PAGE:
An Introduction to the Young Hegelians
The times were dangerous. Almost all of the writings of the Young Hegelians were considered subversive. Even biblical scholarship was viewed as threatening when orthodox religious beliefs were considered essential to state security. One often hears jokes about how Marx wrote about money but was unable to make any himself. But this was a problem for all the Young Hegelians. Their writings led to persecution by the political, religious and academic authorities. They were dismissed from jobs, prohibited from teaching, jailed and exiled. When they moved from academic jobs to journalism their writings were censored, banned and their papers shut down. It was a precarious existence and this was reflected in the style of their writing.
They were responding to events and to each other. They were trying to remake the world which forever seemed on the verge of another revolution. The next one always promising to get it right, or at least better than the last one. The period was know as the Vormärz, literally “Before March” and refers to the time before the Vienna uprising of March 1848 that started a series of revolts and uprisings throughout Europe. The failure of the 1848 revolutions brought and end to an optimistic era that began with the July Revolution of 1830 in France. As a result of the turbulent times, their writing was done in a hurry. Sometimes they were on the run, but there was also urgency to what they were doing. Karl Löwith, in his From Hegel to Nietzsche, described them as “manifestos, programs, and theses, but never anything whole, important in itself” and that “in spite of their inflammatory tone, they leave an impression of insipidity.” This was a time to act and react; there was no time for careful scholarship.
This style is reflected in the enthusiastic young Feuerbach’s Letter To Hegel, 22 November 1828, the earliest of the Young Hegelian’s writings and can still to be seen two decades later in the Communist Manifesto of 1848, perhaps their final statement published as the revolutions broke out.
Despite their sometimes-heated philosophical confrontations it was a very congenial group. The went to each others weddings, loaned each other money (when they had some), visited each other in exile, wrote for each others journals and newspapers and collaborated on writing projects. In fact, there was so much collaboration that it is often hard to tell who—and how many—wrote a given text. This was complicated by the fact that may of their writings have to be published anonymously or under pseudonyms.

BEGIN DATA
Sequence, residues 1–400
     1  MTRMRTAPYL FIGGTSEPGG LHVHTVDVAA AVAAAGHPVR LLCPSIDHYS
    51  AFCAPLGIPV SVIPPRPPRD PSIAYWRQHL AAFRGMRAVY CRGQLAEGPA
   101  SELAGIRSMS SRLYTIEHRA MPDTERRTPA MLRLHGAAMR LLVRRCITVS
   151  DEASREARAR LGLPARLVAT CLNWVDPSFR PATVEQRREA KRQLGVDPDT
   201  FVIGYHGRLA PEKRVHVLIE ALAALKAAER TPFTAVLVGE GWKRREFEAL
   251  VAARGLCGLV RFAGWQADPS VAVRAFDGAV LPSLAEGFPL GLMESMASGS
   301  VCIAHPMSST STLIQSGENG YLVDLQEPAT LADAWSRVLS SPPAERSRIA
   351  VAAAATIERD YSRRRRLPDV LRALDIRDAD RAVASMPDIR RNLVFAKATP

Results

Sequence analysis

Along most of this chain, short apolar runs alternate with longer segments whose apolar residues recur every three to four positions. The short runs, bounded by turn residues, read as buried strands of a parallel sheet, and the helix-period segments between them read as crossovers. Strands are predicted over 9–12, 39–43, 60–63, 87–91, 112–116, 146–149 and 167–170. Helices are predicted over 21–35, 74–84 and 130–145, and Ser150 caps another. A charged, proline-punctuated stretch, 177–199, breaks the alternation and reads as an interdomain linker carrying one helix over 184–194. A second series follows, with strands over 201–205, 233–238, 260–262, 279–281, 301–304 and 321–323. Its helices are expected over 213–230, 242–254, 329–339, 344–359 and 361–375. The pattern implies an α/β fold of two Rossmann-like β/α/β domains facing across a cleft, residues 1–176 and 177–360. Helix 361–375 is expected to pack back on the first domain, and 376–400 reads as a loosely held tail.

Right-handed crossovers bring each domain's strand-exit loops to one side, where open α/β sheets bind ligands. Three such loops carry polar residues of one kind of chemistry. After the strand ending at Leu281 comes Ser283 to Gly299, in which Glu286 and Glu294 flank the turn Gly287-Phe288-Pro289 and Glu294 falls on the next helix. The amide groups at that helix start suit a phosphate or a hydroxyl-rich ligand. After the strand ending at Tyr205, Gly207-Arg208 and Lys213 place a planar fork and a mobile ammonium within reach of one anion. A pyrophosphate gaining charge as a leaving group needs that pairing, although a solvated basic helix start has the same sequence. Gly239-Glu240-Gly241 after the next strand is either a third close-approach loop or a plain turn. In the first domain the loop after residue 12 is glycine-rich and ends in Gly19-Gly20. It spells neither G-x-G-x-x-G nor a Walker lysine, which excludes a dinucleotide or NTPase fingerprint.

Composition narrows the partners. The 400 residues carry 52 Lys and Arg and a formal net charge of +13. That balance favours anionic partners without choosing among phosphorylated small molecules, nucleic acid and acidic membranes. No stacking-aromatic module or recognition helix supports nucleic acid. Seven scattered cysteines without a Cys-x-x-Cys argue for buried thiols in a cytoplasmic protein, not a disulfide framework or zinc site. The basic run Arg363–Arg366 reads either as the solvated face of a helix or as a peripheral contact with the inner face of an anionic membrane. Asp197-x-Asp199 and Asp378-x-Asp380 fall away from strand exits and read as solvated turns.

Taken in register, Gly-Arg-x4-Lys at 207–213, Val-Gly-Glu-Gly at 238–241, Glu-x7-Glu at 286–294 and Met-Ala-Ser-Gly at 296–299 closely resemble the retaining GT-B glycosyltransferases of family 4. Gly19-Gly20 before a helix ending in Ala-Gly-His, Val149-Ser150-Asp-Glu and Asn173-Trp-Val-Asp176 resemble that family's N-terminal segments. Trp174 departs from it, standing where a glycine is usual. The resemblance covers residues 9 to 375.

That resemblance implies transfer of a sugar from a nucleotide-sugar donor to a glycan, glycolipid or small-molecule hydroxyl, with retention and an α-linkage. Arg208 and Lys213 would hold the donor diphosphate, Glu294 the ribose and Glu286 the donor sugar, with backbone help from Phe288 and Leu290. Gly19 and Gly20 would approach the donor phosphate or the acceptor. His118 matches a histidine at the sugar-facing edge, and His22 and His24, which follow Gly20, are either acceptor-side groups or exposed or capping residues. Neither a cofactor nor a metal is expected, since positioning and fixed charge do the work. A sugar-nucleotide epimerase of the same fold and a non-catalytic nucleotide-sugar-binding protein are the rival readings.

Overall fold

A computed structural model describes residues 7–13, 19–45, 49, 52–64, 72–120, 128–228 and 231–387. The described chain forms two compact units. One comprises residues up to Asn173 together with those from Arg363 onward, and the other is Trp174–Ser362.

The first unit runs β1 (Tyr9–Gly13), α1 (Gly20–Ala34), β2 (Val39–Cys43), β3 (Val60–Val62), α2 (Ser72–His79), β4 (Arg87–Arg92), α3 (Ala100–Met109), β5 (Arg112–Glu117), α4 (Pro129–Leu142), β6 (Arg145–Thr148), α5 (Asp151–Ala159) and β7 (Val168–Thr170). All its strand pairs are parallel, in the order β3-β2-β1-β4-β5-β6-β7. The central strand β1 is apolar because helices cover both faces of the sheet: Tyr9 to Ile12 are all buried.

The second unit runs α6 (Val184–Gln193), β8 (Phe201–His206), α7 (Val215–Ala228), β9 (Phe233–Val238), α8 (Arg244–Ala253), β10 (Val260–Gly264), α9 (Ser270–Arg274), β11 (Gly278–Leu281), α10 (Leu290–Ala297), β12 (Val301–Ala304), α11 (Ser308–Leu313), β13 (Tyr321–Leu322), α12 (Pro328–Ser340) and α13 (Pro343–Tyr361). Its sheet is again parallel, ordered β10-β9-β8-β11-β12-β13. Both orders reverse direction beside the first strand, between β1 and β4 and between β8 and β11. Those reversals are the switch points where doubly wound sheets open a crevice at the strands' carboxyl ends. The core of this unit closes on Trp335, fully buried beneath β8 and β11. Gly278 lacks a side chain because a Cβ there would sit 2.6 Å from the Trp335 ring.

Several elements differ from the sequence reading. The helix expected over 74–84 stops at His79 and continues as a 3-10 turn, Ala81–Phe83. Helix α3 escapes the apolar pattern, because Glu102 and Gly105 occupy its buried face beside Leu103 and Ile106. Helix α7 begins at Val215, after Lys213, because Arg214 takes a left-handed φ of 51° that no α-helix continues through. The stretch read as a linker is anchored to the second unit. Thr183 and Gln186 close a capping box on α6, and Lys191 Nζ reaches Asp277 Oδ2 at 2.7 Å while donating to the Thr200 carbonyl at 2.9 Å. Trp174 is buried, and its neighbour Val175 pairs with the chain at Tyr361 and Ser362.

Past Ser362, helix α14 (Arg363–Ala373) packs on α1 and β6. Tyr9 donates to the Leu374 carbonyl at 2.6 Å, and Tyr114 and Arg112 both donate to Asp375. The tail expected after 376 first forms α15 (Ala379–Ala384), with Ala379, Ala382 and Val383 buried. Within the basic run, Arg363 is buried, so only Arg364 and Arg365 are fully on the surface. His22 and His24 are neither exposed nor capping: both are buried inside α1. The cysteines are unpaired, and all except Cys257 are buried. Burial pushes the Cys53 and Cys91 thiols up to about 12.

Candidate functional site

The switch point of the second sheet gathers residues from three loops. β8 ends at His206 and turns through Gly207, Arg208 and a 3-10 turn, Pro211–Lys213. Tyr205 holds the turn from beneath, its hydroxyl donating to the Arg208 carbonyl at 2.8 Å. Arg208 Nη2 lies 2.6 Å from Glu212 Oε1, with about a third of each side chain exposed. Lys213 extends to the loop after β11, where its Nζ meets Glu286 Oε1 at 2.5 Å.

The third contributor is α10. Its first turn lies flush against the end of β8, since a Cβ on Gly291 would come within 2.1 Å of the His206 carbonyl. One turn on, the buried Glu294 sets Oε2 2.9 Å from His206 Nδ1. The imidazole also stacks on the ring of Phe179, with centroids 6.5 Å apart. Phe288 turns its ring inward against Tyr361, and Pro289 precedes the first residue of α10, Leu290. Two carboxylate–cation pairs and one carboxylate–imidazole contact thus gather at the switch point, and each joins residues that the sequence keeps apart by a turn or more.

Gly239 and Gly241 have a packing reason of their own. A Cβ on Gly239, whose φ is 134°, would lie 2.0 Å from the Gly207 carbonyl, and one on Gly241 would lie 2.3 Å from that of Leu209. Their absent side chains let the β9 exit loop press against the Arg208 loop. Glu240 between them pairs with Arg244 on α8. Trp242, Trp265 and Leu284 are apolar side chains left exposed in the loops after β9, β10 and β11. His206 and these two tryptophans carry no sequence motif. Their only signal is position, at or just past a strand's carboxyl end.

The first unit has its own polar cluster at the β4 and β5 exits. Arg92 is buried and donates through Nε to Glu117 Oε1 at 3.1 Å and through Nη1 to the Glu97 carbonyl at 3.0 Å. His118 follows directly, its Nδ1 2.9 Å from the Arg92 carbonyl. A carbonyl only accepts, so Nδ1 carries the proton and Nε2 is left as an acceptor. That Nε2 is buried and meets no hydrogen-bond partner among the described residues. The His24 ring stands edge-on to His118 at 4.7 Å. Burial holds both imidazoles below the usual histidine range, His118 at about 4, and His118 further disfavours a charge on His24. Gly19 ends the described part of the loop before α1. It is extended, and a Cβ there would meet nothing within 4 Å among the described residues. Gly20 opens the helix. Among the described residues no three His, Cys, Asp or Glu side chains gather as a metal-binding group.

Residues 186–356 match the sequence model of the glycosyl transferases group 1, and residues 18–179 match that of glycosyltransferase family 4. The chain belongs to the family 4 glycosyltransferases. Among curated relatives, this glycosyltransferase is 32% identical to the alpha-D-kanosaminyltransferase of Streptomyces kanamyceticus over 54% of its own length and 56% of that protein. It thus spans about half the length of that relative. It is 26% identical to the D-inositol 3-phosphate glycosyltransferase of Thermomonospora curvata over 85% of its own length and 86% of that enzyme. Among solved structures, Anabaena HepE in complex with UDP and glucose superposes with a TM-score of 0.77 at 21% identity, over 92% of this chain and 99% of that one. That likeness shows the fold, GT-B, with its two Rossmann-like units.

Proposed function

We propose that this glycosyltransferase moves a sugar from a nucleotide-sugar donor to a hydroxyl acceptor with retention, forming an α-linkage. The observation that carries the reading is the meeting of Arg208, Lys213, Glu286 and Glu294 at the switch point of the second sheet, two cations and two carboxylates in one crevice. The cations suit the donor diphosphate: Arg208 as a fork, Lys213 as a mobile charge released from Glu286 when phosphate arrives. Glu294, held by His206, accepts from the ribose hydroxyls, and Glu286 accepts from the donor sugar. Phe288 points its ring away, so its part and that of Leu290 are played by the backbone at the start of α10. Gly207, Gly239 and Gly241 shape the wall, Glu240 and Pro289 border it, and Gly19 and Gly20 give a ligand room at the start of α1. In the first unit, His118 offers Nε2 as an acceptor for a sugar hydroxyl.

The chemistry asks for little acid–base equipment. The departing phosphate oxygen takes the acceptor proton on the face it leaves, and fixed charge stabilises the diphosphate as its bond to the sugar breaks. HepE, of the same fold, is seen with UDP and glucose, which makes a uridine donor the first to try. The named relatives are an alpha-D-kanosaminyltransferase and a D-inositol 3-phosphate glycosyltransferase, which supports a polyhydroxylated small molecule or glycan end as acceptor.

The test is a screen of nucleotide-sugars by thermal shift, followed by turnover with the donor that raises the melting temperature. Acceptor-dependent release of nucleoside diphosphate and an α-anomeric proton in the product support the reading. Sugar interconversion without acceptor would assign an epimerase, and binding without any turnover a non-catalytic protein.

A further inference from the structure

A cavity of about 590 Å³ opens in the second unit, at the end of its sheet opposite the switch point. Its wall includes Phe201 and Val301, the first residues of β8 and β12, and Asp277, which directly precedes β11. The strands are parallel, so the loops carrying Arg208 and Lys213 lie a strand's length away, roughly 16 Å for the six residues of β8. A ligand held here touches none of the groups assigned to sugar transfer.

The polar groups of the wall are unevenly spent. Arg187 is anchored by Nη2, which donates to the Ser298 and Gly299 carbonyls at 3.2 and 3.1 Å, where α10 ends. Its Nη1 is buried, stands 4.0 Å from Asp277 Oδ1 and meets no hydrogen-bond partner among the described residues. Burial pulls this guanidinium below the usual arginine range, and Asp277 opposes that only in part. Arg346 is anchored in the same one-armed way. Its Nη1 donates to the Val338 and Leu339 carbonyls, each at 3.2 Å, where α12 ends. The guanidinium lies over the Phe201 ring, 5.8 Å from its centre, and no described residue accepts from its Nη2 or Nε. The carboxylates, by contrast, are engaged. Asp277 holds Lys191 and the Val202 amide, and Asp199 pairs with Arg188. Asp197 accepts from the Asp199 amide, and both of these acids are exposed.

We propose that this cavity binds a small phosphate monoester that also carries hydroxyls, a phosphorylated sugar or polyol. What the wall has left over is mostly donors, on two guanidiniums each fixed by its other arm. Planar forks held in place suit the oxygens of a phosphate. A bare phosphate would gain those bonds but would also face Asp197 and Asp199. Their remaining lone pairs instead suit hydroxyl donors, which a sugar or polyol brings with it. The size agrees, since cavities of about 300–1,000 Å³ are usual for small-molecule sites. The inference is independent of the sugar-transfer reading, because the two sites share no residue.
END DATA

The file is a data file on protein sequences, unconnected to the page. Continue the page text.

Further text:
The Four Phases
The writings of the Hegelians fall into roughly four periods. In the first those known as the “Old Hegelians” or later the “Right Hegelians” collected, published and proselytized about the writings and lectures of Hegel. They were important for codifying and preserving the legacy of Hegel but they did not advance his philosophy so their impact was limited and their writings, beyond the collections of Hegel’s lectures, are rarely read and have not been translated.
The second phase was primarily interested in Hegel’s Lectures on the Philosophy of Religion. It began with David Friedrich Strauss’s The Life of Jesus Critically Examined, an 800 page scholarly work on the Gospels and an unlikely book that took the world by storm. The third phase moved beyond religious and theological issues to more practical issues of politics, economics and social life. The fourth and final phase is dominated by Max Stirner’s book The Ego and His Own and the critical reaction and debate that followed.
The Readings are as follows:
1828 Feuerbach-Letter To Hegel, 22 November 1828 https://www.marxists.org/reference/archive/feuerbach/
I. Old Hegelians (late 1820’s to 1835)
II. Religious Issues (1835 to early 1840’s)
1835 David Friedrich Strauss–The Life of Jesus Critically Examined
Preface to the First German Edition (pages 3-5)
1. Inevitable Rise of Different Modes of Explaining Sacred Histories (pages 11-12)
12. Opposition to the Mythical View of the Gospel History (pages 43-47)
140. Debates Concerning the Reality of the Death and Resurrection of Jesus (pages 842-853)
1842 Max Stirner-“Art and Religion”
III. The Pivotal Year of 1841
1841 Feuerbach-The Essence of Christianity, 1841
IV. Political & Social Issues (1843-45)
1843 Moses Hess-The Philosophy of the Act, 1843
1843 Marx/Engels-Letter to Arnold Ruge, Sept 1843
Introduction to A Contribution to the Critique of Hegel’s Philosophy of Right
1843 Feuerbach–Principles of the Philosophy of the Future-Part III: Principles of the New Philosophy
1845 Marx-Theses on Feuerbach Spring 1845
V. Stirner & His Critics (1845-1848)
1843 Max Stirner-“The False Principle of our Education”
1844 Max Stirner-The Ego and His Own 1844
Read three selections: 1) Part First: I. A Human Life, 2) Part Second: I. Ownness, 3) Part Second: III. The Unique One